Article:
Re-vision of a new normal

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Well known sayings, proverbs, or whakatauki (in te reo Māori) can give all the gift of wisdom and insightfulness. Learning other cultures’ proverbs can be a rich experience – providing glimpses of how our own culture can share similar expressions, ideas or emotions with other cultures. Understanding other cultures’ way of seeing the world is one way to build those bridges of intercultural understandings.

I recently came across a Māori proverb by the second Māori King, King Tawhiao (1860 – 1892). It was during the start of his reign when land confiscations by the early settlers escalated and the colonial government summoned thousands of British troops to mount major campaigns to overpower the kīngitanga (Māori king) movement and acquire farming and residential land for British settlers. This saying, or tongikura, is directly attributable to King Tawhiao in 1860. 

Māku anā tōku whare e hanga. Ko ngā pou o roto, he Māhoe, he Patatē.
Ko te tāhuhu he Hīnau 

I will build my house. It will have poles of māhoe, and patatē and a central beam of Hīnau

As told to me by my te reo kaiako Teine Hakaraia, this proverb was a saying by King Tawhiao to encourage and uplift his people at a time of great suffering and land loss.  Here, King Tawhiao is saying no matter what happens the land’s resources will provide the means to sustain lives. Māhoe, patatē and hīnau are all common and plentiful trees found in the bush in Aotearoa New Zealand. They are not necessarily valuable like the more rare trees of kauri, rimu and totara,  but they are sufficient to build shelter and a simple house. The proverb encourages the listener to use anything that is available to make the metaphorical house strong and that if we look, the resources are right in front of us. Even though these common trees are not seen to be valuable, metaphorically they can still provide shelter that holds families and communities together and where the values that hold them together can thrive. What’s important in times of trial is to recognise that what we need can be right in front of us.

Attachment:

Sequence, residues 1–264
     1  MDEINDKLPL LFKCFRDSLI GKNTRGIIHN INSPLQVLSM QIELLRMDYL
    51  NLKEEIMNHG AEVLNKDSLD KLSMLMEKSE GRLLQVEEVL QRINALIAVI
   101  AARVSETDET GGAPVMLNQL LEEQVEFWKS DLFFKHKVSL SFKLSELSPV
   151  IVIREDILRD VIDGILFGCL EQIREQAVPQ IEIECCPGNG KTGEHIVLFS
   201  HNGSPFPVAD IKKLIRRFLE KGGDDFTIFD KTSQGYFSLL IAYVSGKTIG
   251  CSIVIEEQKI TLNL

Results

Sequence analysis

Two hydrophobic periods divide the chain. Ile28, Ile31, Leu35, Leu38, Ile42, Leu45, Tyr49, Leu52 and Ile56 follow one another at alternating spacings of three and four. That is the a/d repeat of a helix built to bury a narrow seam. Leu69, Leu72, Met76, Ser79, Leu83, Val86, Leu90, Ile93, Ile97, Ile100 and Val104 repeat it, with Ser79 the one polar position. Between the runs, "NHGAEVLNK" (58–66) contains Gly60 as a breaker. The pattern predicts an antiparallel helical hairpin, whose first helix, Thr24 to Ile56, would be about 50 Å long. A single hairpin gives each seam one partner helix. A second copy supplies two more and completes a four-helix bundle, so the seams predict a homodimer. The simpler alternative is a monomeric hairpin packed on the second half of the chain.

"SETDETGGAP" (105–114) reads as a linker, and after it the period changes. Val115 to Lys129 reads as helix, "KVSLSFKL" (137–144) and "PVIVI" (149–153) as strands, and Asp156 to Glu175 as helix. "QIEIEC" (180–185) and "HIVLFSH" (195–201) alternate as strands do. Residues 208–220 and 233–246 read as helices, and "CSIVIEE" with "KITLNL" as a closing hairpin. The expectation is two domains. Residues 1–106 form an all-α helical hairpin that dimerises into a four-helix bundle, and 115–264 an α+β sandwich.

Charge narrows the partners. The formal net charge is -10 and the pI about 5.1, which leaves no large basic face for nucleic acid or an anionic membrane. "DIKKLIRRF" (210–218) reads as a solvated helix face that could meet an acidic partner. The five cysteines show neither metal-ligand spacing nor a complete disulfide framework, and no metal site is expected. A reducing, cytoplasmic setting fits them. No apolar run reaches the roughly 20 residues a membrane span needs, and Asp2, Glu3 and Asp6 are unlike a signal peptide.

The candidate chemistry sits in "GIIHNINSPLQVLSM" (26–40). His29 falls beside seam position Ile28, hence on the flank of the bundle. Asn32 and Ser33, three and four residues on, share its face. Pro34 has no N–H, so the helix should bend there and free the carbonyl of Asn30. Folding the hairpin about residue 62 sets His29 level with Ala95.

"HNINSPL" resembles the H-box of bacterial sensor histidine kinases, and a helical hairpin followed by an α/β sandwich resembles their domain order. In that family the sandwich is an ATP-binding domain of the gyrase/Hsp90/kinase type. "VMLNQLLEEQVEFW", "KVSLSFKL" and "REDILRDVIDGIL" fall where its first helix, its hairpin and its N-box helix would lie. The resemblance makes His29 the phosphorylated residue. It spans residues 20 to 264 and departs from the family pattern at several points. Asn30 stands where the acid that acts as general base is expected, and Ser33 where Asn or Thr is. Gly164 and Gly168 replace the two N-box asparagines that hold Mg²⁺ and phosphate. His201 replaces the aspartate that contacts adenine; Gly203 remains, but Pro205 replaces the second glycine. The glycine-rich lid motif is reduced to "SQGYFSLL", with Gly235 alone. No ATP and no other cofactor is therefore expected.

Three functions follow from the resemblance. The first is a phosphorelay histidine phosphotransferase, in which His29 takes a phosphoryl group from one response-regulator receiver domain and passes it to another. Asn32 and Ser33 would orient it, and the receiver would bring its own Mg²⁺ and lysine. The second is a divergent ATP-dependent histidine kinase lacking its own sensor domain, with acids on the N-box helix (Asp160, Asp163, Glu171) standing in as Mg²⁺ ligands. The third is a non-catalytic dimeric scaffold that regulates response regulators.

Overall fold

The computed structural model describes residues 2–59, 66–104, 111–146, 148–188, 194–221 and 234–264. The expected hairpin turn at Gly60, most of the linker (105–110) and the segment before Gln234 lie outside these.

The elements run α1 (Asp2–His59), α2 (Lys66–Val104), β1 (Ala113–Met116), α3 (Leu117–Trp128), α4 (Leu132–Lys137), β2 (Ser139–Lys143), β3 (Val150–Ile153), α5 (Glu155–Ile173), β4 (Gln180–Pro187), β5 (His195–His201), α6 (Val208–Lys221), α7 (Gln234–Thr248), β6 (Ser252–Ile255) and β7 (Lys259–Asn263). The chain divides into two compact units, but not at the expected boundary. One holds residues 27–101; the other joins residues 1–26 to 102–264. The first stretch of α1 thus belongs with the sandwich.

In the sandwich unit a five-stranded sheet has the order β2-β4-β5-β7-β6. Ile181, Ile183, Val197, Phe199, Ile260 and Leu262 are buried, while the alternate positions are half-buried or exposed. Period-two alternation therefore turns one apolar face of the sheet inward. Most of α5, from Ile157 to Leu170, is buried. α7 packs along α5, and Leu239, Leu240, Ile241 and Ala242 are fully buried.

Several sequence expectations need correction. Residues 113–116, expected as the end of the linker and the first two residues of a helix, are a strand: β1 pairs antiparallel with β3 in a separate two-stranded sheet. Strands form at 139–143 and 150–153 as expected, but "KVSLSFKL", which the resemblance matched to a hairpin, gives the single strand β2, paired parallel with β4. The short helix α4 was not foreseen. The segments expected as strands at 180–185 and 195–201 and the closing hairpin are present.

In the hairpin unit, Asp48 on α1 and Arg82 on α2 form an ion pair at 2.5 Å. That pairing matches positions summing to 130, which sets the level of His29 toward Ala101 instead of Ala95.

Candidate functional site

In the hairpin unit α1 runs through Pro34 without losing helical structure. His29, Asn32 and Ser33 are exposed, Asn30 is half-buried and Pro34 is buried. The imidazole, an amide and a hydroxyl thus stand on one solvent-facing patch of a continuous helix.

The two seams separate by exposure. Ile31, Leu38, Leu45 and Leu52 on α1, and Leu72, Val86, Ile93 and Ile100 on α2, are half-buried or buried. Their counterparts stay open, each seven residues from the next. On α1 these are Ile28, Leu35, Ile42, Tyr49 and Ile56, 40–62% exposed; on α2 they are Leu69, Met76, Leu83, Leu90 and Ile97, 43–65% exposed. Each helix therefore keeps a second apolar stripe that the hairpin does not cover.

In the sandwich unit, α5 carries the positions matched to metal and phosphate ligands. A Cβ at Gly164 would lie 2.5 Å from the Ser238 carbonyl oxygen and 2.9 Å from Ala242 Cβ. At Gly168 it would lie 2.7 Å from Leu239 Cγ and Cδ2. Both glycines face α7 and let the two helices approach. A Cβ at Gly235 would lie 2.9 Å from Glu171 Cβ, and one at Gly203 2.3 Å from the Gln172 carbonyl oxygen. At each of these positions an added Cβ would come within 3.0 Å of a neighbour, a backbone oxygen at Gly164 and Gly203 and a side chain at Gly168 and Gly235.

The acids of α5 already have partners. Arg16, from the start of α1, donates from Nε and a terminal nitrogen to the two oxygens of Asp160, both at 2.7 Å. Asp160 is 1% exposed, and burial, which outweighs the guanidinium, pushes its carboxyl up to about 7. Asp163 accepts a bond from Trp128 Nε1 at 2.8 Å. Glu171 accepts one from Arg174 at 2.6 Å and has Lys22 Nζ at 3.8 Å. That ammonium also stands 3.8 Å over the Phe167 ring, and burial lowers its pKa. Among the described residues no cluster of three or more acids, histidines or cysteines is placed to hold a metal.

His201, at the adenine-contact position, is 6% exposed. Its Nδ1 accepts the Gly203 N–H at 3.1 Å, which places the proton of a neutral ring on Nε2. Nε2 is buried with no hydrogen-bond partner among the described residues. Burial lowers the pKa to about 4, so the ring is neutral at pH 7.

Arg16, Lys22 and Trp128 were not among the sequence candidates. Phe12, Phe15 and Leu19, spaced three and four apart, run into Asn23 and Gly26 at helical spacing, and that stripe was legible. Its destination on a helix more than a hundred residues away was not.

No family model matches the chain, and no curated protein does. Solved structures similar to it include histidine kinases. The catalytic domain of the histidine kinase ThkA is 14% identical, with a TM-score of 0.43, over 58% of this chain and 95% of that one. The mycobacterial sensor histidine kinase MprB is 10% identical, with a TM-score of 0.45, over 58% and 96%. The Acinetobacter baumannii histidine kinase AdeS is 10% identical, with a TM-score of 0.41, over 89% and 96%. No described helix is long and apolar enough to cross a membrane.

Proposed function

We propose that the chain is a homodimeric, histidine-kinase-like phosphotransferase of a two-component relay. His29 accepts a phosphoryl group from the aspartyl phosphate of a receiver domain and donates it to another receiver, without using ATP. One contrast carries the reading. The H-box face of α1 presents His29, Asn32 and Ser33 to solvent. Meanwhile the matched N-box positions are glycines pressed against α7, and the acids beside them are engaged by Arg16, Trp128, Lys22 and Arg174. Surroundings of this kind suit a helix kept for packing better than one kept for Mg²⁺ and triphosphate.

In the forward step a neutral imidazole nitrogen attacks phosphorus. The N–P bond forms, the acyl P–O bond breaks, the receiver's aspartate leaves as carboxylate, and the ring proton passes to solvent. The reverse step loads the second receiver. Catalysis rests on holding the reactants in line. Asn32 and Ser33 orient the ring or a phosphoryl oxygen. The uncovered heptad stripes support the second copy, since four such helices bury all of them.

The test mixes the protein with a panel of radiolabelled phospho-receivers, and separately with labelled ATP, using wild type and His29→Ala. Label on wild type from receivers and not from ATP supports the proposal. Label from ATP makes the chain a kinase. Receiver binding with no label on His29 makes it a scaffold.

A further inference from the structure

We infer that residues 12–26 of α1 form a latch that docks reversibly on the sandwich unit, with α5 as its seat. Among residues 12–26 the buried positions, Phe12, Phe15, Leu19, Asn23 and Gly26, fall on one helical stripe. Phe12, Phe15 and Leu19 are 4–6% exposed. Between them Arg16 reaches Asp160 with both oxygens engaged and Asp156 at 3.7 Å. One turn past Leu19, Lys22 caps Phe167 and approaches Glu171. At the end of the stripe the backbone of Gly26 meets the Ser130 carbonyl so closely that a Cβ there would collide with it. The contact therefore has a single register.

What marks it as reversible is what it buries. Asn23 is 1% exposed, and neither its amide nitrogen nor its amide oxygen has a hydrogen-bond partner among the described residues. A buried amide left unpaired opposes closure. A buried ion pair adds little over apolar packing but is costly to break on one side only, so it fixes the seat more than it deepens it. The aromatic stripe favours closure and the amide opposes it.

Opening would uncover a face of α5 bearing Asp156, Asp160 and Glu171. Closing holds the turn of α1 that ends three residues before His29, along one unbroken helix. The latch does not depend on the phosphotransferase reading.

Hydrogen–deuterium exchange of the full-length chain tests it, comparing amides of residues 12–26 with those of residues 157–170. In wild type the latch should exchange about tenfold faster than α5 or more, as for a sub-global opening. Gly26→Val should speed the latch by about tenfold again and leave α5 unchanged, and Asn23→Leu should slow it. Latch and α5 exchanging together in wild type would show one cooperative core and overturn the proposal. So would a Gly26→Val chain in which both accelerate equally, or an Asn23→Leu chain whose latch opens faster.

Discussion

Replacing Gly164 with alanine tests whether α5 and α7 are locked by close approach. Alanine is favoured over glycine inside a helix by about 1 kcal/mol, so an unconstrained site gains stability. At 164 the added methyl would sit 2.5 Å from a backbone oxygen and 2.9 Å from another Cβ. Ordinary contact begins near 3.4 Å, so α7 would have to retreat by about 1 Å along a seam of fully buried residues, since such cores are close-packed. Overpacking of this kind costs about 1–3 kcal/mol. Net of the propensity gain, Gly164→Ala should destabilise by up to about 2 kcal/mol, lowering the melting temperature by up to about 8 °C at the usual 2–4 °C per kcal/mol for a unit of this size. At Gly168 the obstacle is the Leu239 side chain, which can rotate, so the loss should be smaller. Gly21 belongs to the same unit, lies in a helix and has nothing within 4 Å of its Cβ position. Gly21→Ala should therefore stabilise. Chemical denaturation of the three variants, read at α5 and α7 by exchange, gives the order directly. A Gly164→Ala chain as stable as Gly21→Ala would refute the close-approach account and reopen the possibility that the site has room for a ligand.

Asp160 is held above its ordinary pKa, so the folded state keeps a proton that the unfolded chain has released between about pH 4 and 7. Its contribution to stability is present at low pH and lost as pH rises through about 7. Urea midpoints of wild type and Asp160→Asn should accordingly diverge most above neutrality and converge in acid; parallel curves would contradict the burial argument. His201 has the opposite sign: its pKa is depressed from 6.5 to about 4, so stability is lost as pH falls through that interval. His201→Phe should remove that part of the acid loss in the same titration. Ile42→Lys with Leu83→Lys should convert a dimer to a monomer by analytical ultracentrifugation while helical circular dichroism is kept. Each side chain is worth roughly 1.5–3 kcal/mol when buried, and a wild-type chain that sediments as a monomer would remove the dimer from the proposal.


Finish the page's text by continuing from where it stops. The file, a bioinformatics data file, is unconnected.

So what can a Māori experience in 1850 have in common with a migrant experience now? It might be a completely different context, but hardship, struggle, job insecurity and the experience of being marginalised and discriminated against by a monocultural and dominant group can be a shared experience between Māori and migrants. So, as we re-vision and gather ourselves to live a new normal while the rest of the world is still grappling with different levels of lockdown imposed by COVID-19, I hope this tongikura, or saying, will help us see that we can still survive if we look and listen and then adapt to the environment around us. 

Photo credit: Paula Ray
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